Ph. Elodie Nizon / Foxall Studio
Nicola Gerber Maramotti glides into Max Mara’s Old Bond Street flagship looking as cool as a cucumber on what is officially the hottest September day since 1911. Immaculately dressed in a white trouser suit, white silk T-shirt and white platforms, it’s hard to believe that she has just braved the London Underground – the heaving Central Line no less. Anyone else might have thought she had descended from the heavens on a fluffy white cloud.
Today, German-born Nicola keeps tabs on the company’s 300 plus stores across Europe. Her involvement in the company began soon after she married Ignazio Maramotti in 1993. His father Achille Maramotti founded the brand in 1951 and is widely credited with introducing ready-to-wear to Italy.
Nicola’s dedication to educating retail staff and ensuring warm and inviting retail spaces is clear to see in Max Mara’s Old Bond Street store. Recently revamped and expanded, it boasts an upstairs garden terrace – a rare find amongst Mayfair’s urban sprawl. Every little detail is Nicola’s doing, right down to the dressing room lights. “Women want to look pretty in the changing room,” she says adding that it took 20 meetings with her designer team to create the most flattering light.
Here, as in every Max Mara store, staff are well versed in the brand’s heritage and know the collections inside out – right down to the cut, stitch and fabric composition. Max Mara’s new e-learning programme, in which all employees are kept up to speed on such matters, and later tested and scored, can be thanked for that.
Meanwhile, over at the company HQ in Reggio Emilia, the Max Mara Retail Academy attracts postgraduate students from around the world. As part of this intensive in-house training course, they spend one year in Italy and one year in one of the company’s European locations. When selecting students, Nicola instinctively knows if someone has a service-orientated mindset or not. “The job of retail manager is as much about psychology as it is numbers, and if you are not interested in people, then you can’t be in retail,” she notes.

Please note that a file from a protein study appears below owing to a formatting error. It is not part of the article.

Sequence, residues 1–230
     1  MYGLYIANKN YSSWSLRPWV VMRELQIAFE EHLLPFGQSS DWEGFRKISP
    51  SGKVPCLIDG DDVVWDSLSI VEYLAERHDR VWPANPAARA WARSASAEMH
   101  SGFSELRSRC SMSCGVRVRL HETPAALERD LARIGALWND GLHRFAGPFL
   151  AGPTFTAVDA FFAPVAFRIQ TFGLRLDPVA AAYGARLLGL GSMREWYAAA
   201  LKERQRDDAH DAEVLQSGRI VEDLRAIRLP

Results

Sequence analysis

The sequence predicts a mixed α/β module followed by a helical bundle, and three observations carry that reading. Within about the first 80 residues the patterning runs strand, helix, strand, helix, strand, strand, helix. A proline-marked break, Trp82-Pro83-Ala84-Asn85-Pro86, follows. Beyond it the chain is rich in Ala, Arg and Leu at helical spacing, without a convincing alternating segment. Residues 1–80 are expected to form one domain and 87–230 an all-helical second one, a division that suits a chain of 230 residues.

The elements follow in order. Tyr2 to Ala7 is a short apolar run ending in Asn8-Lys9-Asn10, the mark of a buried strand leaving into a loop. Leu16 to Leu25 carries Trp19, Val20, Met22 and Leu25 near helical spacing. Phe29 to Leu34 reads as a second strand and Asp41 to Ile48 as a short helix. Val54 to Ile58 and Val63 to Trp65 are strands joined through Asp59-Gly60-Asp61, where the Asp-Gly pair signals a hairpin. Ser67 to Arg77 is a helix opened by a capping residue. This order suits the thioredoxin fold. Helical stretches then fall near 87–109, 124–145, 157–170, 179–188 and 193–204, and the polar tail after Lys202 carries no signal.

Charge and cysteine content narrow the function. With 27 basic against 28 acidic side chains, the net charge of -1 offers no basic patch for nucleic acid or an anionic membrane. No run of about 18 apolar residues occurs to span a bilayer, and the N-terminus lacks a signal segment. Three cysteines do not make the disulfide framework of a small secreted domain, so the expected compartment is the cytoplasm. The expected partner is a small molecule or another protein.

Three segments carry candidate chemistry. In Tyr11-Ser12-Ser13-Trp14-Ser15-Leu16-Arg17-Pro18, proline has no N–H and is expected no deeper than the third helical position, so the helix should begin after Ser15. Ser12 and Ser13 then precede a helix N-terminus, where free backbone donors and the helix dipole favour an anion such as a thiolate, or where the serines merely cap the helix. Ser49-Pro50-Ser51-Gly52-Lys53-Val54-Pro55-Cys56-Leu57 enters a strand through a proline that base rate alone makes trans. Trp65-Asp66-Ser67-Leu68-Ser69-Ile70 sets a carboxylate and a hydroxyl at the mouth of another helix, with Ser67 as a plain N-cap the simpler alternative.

It is this investment in its workforce that makes Max Mara so unique – that and its ongoing commitment to empowering women, which starts with the clothes. The current autumn/winter 2016 collection pays homage to the 1920s Bauhaus and the women painters, textile designers, filmmakers and artists at its heart. Other hits include the ‘Whitney’ tote bag. Designed in collaboration with Italian architect Renzo Piano, its sumptuous geometric form is inspired by New York’s celebrated art museum. “It looks just like the Whitney,” she says with a smile, picking the shimmering bag up and swinging it lightly from her wrist.
Then there is the Sartorial Project – a capsule collection comprising of tailored jackets and trousers constructed with all the precision of a man’s Savile Row suit. The collection has evolved to accommodate the new working wardrobe. Describing this, Nicola says: “Women are pairing a smart blazer with a crisp white blouse or trousers with a cashmere jumper and interpreting masculine looks in far more contemporary ways.”
As a passionate advocate of championing women in the arts, Nicola also oversees the brand’s pioneering creative awards. The Max Mara Art Prize for Women in collaboration with London’s Whitechapel Gallery is the only visual art prize for women in the UK that aims to promote and nurture female artists. This year’s gong went to British artist Emma Hart. As part of her award, she will take up a six-month residency in Umbria and Lombardy, where she will create an artwork to be presented in major solo exhibitions at the Whitechapel Gallery in London and Collezione Maramotti in Reggio Emilia, Italy, next year.
Support is also given to women in the male-dominated film industry. Since 2006, Max Mara’s Women In Film Face of the Future Award has been held in LA to annually honour outstanding women in the entertainment industry – women who lead by example, are creative, groundbreaking and excel at their chosen fields. In June, Nicola presented the 2016 award to Game of Thrones actress Natalie Dormer.
Finally, I ask Nicola what she loves most about London and Bond Street. “Bond Street with its relaxed luxury vibe and glamour is unique. It attracts the best of the best – the best fashion, the best art, the best windows… And of course I love the tube!” she jokes before floating off in a white haze.